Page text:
Pontiac Firebird: GM’s Powerful and Stylish Hollywood Icon
The Pontiac Firebird and Chevrolet Camaro shared General Motors’ F-body architecture from their launch in 1967 to their demise in 2002. Even so, the Firebird’s big engines, handsome styling and unique character attracted not only a loyal customer base but also movie and TV producers who immortalised it on screen.
As star of the smash-hit 1970s car-chase movie Smokey and the Bandit, along with popular TV series The Rockford Files and Knight Rider, the Pontiac Firebird’s status as an American muscle car icon is beyond question.
However, away from the Hollywood glamour, the Firebird’s life was never an easy one. Despite Pontiac’s admirable determination to differentiate the Firebird from the Camaro, working within the corporate constraints of General Motors, the Firebird was outsold by its Chevrolet sibling.
Put simply, it was perceived as a more overtly styled, slightly plusher and more expensive version of the Camaro, for which the majority of F-body buyers was not enough to pry them away from their resolute allegiance to the bow-tie badge.
The Firebird was also created with initial resistance by the Pontiac Motor Division. Under the young and dynamic leadership of John DeLorean, who played a decisive role in creating the original muscle car, the Tempest-based 1964 GTO, Pontiac prided itself on bold engineering advances and a sporty (dare we say it) European character. A leader, not a follower.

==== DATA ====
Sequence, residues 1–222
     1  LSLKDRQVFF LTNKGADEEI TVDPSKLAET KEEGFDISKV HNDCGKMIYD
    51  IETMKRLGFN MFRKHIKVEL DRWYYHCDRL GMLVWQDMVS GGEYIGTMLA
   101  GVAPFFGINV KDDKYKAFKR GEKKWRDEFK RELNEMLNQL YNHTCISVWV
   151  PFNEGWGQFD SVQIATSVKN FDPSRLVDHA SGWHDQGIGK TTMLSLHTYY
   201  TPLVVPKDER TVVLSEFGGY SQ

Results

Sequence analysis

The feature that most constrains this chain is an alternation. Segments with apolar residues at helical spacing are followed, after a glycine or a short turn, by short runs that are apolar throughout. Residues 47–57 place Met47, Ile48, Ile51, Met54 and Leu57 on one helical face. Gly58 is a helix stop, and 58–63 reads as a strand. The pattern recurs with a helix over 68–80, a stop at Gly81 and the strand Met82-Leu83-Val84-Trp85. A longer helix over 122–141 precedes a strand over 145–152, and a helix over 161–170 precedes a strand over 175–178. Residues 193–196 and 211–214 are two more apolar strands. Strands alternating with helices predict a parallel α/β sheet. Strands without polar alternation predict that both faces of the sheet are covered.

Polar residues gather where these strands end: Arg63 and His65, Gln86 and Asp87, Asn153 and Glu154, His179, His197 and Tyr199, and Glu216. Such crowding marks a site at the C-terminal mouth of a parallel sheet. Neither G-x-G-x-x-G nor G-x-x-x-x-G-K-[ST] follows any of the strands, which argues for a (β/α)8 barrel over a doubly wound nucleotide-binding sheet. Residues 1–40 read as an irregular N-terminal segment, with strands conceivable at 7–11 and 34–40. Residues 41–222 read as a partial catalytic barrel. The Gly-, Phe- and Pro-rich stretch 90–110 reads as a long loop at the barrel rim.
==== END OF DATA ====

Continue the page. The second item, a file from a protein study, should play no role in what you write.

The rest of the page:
Although GM was embarrassingly late in responding to Ford’s Mustang, DeLorean had visions of a Corvette-style sports car with unique Pontiac DNA to spearhead GM’s response. However, management saw Pontiac’s proposal as more of a threat to Corvette sales and rejected it.
What GM wanted instead was a Pontiac derivative of Chevrolet's new Mustang rival (later named Camaro) due for 1967 release. Ford’s Mercury division was developing a more upmarket interpretation of the Mustang called the Cougar for ‘67 - so GM wanted a Pontiac equivalent.
The Firebird was born.
First generation: 1967-1969
Unlike the Cougar, which although sharing Mustang mechanicals had a longer wheelbase and unique styling, the Pontiac Firebird was clearly a Camaro clone when launched in February 1967, about six months after its Chevrolet sibling. The Firebird nameplate, first used on turbine-powered GM show cars in the early 1950s, had been dusted off and redeployed.
The Camaro and Firebird were both available as hardtop and convertible and shared the same body shape from the firewall rearwards, with a distinctive ‘Coke bottle’ hip line. And both rode on the same semi-unitary F-body platform with 108.1-inch (2764mm) wheelbase.
The Firebird was slightly longer thanks to its unique front-clip and chrome grille surround, which neatly incorporated four headlights, the front bumper bar and a sharply-pointed ‘beak’ you’d expect on such a fiery bird. Thin-slotted tail lights echoed the contemporary GTO.
It was also slightly heavier than the Camaro due not only to its extra length but also the weight of the Pontiac V8. Yes, even in the late 1960s, GM divisions were still producing their own engines, which PMD did until 1981.